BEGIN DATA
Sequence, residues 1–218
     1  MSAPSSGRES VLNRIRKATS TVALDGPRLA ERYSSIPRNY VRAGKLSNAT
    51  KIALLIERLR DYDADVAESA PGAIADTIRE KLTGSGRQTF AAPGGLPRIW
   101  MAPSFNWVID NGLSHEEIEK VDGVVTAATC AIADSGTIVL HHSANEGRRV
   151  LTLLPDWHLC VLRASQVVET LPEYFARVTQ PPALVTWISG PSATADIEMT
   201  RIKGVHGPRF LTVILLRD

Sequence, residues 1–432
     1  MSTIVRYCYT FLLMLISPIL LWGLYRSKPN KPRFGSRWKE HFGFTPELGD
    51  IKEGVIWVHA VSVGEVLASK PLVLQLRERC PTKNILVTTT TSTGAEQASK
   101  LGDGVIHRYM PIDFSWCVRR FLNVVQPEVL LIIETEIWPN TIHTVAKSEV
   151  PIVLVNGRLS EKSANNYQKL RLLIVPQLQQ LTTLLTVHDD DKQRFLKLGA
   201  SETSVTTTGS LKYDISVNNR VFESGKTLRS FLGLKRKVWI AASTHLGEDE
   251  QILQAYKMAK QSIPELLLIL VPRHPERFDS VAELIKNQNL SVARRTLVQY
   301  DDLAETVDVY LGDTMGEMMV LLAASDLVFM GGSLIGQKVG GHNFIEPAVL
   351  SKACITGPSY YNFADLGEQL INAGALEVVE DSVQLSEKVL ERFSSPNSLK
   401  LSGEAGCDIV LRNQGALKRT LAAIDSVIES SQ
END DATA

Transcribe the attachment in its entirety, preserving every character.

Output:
Sequence, residues 1–218
     1  MSAPSSGRES VLNRIRKATS TVALDGPRLA ERYSSIPRNY VRAGKLSNAT
    51  KIALLIERLR DYDADVAESA PGAIADTIRE KLTGSGRQTF AAPGGLPRIW
   101  MAPSFNWVID NGLSHEEIEK VDGVVTAATC AIADSGTIVL HHSANEGRRV
   151  LTLLPDWHLC VLRASQVVET LPEYFARVTQ PPALVTWISG PSATADIEMT
   201  RIKGVHGPRF LTVILLRD

Sequence, residues 1–432
     1  MSTIVRYCYT FLLMLISPIL LWGLYRSKPN KPRFGSRWKE HFGFTPELGD
    51  IKEGVIWVHA VSVGEVLASK PLVLQLRERC PTKNILVTTT TSTGAEQASK
   101  LGDGVIHRYM PIDFSWCVRR FLNVVQPEVL LIIETEIWPN TIHTVAKSEV
   151  PIVLVNGRLS EKSANNYQKL RLLIVPQLQQ LTTLLTVHDD DKQRFLKLGA
   201  SETSVTTTGS LKYDISVNNR VFESGKTLRS FLGLKRKVWI AASTHLGEDE
   251  QILQAYKMAK QSIPELLLIL VPRHPERFDS VAELIKNQNL SVARRTLVQY
   301  DDLAETVDVY LGDTMGEMMV LLAASDLVFM GGSLIGQKVG GHNFIEPAVL
   351  SKACITGPSY YNFADLGEQL INAGALEVVE DSVQLSEKVL ERFSSPNSLK
   401  LSGEAGCDIV LRNQGALKRT LAAIDSVIES SQ